Danladi Umar, Chairman of the Code of Conduct Tribunal (CCT), has said he does not respond to any institution but only the presidency.
The CCT chairman made this statement in response to a petition filed by group accusing him of abusing court process and urging the National Judicial Council to impose sanctions on him.
The group, Incorporated Trustees of the Centre for Justice and Peace Initiative had earlier called on the NJC to impose a sanction on Umar, for issuing the directive for Onnoghen’s suspension, noting that it is an abuse of court process as the suspended CJN had not been convicted.
However, Umar insists he is not under the authority of any judicial institution, but the presidency.
He responded to the query through a document marked CCT/HQ/FJSC/S/01 and dated, February 6, 2019, which was addressed to the acting Chairman of the FJSC, Umar said himself and other members of the Tribunal are “not judicial officers” and as such were not subject to judicial institutions such as the FSJC and the NJC.
The document reads: “With regard to the prayer of the petitioner for an appropriate sanction against the chairman, it is important to note that the chairman and members of the tribunal, not being judicial officers, are not constitutionally subject to any disciplinary proceedings by either the National Judicial Council or the Federal Judicial Service Commission but the Presidency.
“The petitioner alleged that judicial oaths were breached and that the National Judicial Council should consider appropriate sanctions. It is to be noted that the chairman and members of the Code of Conduct Tribunal are not judicial officers.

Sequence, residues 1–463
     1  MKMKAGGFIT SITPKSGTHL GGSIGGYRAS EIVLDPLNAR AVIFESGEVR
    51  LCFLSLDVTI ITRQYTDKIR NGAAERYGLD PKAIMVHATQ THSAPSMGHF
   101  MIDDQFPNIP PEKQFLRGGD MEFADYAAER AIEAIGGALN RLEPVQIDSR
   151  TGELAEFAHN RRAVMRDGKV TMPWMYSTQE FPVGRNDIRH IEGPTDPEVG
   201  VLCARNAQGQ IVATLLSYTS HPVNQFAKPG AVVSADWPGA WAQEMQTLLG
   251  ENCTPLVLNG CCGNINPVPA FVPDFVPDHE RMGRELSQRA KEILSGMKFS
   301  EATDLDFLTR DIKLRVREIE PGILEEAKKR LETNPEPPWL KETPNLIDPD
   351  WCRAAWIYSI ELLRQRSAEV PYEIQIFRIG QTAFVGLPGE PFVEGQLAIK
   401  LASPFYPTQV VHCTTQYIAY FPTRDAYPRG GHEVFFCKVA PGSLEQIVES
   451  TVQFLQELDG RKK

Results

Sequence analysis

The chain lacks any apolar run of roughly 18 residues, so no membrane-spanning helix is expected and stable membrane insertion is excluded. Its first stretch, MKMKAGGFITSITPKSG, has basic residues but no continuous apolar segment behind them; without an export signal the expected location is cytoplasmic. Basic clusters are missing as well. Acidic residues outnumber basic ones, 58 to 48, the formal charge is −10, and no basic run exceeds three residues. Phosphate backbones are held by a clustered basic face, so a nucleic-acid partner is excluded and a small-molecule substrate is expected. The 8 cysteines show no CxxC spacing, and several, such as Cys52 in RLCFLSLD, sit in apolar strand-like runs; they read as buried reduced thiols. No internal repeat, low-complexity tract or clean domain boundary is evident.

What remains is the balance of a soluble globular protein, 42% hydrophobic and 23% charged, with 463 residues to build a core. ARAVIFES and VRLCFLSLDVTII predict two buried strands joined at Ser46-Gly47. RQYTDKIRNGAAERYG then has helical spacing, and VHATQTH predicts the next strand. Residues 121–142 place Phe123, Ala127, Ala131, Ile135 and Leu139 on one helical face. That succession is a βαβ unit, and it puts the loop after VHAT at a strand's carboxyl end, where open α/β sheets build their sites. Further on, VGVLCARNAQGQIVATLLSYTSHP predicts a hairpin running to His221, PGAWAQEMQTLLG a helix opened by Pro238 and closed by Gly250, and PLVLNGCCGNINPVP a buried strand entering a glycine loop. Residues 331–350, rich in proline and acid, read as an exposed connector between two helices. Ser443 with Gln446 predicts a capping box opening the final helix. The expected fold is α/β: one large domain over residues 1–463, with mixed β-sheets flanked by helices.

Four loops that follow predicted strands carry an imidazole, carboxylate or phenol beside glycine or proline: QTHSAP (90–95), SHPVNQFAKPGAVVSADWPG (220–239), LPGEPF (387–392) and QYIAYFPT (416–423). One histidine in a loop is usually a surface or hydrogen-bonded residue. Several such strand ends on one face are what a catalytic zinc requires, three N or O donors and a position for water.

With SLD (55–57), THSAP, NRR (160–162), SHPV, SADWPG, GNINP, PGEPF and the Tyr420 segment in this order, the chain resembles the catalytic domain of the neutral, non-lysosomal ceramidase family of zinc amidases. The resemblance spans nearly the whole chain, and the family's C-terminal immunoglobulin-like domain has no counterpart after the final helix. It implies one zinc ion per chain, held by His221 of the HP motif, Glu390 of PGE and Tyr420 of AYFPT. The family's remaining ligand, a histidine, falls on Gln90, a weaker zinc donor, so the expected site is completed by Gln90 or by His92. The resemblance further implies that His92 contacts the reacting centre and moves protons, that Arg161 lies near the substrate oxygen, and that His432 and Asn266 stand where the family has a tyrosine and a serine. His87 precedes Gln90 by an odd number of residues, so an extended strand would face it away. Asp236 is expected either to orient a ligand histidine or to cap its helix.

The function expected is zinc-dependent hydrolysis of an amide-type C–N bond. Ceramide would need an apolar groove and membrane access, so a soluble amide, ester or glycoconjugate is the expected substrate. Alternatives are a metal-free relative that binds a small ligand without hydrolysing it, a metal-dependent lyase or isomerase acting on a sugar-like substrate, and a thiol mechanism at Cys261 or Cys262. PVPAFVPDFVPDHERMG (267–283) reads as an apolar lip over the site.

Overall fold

“This is predicated on the fact that the chairman and members of the tribunal, during swearing-in, only subscribe to official oaths and not judicial oaths. Therefore, not being a judicial officer, I did not subscribe to judicial oaths as alleged.”
Also on decision to order the suspension of the CJN, he said it was within his power to do so, but failed to comment further as the matter was still in court.
Also attached in the to the response was a letter dated May 18, 2015, and marked NJC/CIR/HOC/1/74 signed by Justice Mahmud Mohammed, who was the CJN at the time.
The content of the letter stated that, Mohammed had asked the CCT to stop referring to themselves as justices as they were not judges.
Noting that the decision was made pursuant to Paragraph 15 (1 and 2) of Part 1 of the Fifth Schedule of the 1999 Constitution of the Federal Republic of Nigeria.
The letter reads: “From the foregoing provisions, no member, including the chairman of the CCT on appointment, is a judicial officer as defined in Section 318 (1) of the 1999 Constitution as amended unless he or she has held office as a judge of the superior court of record in Nigeria.”